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Notice that the cross-entropy is generally (but not necessarily) higher than the entropy of the two probability distributions. An intuitive understanding that we can have of this phenomenon is to imagine the cross-entropy as some kind of total entropy of two distributions. More accurately, though, we can consider the cross-entropy from two distribution to distance itself from the entropy of those distributions, the more the two distributions differ from one another.

3.3. Pair Ordering Matters

Notice also that the order in which we insert the terms into the H operator matters. The two functions H(p(x), q(x)) and H(q(x), p(x)) are generally different. This is, for example, the graph that compares the cross-entropy of the two logistic regression models, while swapping the terms:

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This is particularly important when we compute the cross-entropy between an observed probability distribution; say, the predictions of a classification model, and a target class distribution. In that case, the true probability distribution is always the first term \boldsymbol{p(x)}, and the predictions of the model are always the second, \boldsymbol{q(x)}.

4. Model Optimization Through Cross-Entropy

4.1. Cross-Entropy as a Loss Function

The most important application of cross-entropy in machine learning consists in its usage as a loss-function. In that context, the minimization of cross-entropy; i.e., the minimization of the loss function, allows the optimization of the parameters for a model. For model optimization, we normally use the average of the cross-entropy between all training observations and the respective predictions.

Let’s use as a model for prediction the logistic regression model \hat{y} = \sigma(x). Then, cross-entropy as its loss function is:

L(x, y) = -\frac {1} {n} \sum_{i=1}^n y_i \times \text{log}\ \sigma(x_i)

4.2. Algorithmic Minimization of Cross-Entropy

We can then minimize the loss functions by optimizing the parameters that constitute the predictions of the model. The typical algorithmic way to do so is by means of gradient descent over the parameter space spanned by \boldsymbol{\beta}.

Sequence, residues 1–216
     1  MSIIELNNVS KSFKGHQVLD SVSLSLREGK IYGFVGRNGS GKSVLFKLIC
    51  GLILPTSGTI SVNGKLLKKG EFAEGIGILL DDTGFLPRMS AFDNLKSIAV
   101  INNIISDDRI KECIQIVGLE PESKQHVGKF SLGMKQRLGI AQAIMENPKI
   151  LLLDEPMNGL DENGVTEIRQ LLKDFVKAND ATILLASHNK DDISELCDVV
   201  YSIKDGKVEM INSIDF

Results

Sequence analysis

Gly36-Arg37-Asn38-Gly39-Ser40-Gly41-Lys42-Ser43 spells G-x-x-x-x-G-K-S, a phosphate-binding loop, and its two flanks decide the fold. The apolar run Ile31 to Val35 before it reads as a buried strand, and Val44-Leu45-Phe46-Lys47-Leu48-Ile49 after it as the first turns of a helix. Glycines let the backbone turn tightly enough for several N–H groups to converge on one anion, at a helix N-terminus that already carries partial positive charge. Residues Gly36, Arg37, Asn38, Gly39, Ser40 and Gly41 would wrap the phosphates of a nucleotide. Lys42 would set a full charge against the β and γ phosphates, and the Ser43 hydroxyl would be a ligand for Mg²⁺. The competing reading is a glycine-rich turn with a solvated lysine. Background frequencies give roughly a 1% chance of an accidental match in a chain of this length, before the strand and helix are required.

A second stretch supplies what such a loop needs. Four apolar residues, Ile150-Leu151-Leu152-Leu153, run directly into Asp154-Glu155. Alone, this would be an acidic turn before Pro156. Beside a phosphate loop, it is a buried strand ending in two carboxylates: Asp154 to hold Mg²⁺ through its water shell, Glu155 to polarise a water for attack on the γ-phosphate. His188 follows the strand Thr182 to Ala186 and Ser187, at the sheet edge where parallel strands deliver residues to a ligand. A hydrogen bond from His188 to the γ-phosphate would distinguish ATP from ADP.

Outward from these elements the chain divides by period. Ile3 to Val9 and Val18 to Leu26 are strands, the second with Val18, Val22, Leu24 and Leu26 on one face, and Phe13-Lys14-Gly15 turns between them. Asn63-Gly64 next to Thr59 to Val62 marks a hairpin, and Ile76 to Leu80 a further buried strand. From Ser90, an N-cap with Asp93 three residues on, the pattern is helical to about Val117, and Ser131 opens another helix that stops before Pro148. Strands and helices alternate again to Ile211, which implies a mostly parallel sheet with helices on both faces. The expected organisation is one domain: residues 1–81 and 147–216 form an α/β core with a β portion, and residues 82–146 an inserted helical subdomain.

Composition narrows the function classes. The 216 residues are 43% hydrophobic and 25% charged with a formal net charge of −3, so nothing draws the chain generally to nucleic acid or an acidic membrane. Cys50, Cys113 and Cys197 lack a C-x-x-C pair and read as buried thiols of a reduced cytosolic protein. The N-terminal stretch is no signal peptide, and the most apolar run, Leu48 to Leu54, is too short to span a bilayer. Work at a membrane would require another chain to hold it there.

We discussed above how to compute the predictions for a logistic model. Specifically, we stated that predictions are computed as the logistic function of a linear combination of input and parameters:

\sigma(x, \beta) = \frac {1} {1+ e^{- x \times \beta} }

We also know that the derivative of the logistic function is:

\sigma'(x, \beta) = \sigma(x, \beta) \times (1- \sigma(x, \beta) )

From this, we can derive the gradient with respect to the parameters \beta as:

\nabla_{\beta} \sigma(x_i) = \sigma_i \times (1- \sigma_i ) \times x_i

And finally, we can calculate the gradient of the loss function as:

\nabla_{\beta} L(x, y) = - \frac {1} {n} \sum_{i=1}^n (y_i - \sigma_i) \times x_i

This, lastly, lets us optimize the model through gradient descent.

5. Conclusion

In this article, we studied the definition of cross-entropy. We started from the formalization of entropy for univariate probability distributions. Then, we generalized to bivariate probability distributions and their comparison.

Further, we analyzed the role of cross-entropy as a loss function for classification models.

In relation to that, we also studied the problem of its minimization through gradient descent for parameter optimization.